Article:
Q Mr. President, there seems to be an extraordinary breakdown of trust involved here. And I wonder if you could address what we're hearing from Republicans, which is that there was a framework and a deal that was agreed with your chief of staff, with the Treasury Secretary, about a certain number of revenues, that the Republicans had agreed to that. And then after you brought that to your party and the discussion of that, the goal line was moved. Is this an example of where the goal line has moved and that that's what has led to this breakdown in trust?


THE PRESIDENT: Norah, what I'll do is we'll do a tick-tock, we'll go through all the paper. We'll walk you through this process. What this came down to was that there doesn't seem to be a capacity for them to say yes.


Now, what is absolutely true is we wanted more revenue than they had initially offered. But as you'll see, the spending cuts that we were prepared to engage in were at least as significant as the spending cuts that you've seen in a whole range of bipartisan proposals, and we had basically agreed within $10 billion, $20 billion -- we were within that range.

So that wasn't the reason this thing broke down. We were consistent in saying that it was going to be important for us to have at least enough revenue that we could protect current beneficiaries of Social Security, for example, or current beneficiaries of Medicare; that we weren't slashing Medicaid so sharply that states suddenly were going to have to throw people off the health care rolls. And we were consistent in that.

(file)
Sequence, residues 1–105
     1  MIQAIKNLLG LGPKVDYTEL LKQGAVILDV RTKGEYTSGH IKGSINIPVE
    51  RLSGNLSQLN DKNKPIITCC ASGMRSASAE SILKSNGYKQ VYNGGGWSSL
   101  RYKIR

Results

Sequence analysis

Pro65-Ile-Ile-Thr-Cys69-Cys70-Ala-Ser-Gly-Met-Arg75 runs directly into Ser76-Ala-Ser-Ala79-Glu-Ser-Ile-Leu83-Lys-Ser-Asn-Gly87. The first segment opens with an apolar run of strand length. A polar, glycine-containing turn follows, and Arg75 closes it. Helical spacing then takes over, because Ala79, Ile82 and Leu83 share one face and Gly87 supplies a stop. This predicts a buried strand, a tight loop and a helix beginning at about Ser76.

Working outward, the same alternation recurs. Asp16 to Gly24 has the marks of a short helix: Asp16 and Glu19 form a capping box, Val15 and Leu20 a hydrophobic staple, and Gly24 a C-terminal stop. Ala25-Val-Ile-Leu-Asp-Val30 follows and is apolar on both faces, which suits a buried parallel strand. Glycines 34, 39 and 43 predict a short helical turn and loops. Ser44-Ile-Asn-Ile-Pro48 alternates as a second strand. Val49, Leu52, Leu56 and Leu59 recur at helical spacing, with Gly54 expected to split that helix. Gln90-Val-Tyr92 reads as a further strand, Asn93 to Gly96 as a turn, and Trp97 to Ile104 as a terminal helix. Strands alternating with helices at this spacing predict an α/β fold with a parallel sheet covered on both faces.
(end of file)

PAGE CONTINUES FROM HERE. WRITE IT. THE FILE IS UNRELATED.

So I want to be clear. I'm not suggesting that we had an agreement that was signed, sealed and delivered. The parties were still apart as recently as yesterday. But when you look at the overall package, there's no changing of the goalposts here. There has been a consistency on our part in saying we're willing to make the tough cuts and we're willing to take on the heat for those difficult cuts, but that there's got to be some balance in the process. What I've said publicly is the same thing that I've said privately. And I've done that consistently throughout this process.


Now, with respect to this breakdown in trust, I think that we have operated aboveboard consistently. There haven't been any surprises. I think the challenge really has to do with the seeming inability, particularly in the House of Representatives, to arrive at any kind of position that compromises any of their ideological preferences. None.


And you've heard it. I mean, I'm not making this up. I think a number of members of that caucus have been very clear about that.


Q But they were willing to move on some revenues, apparently.


THE PRESIDENT: Absolutely. But what you saw -- and, again, you'll see this from the description of the deal -- essentially what they had agreed to give on is to get back to a baseline -- this starts getting technical, but there were about $800 billion in revenue that were going to be available. And what we said was when you've got a ratio of $4 in cuts for every $1 of revenue, that's pretty hard to stomach. And we think it's important to make sure that whatever additional revenue is in there covers the amount of money that's being taken out of entitlement programs. That's only fair.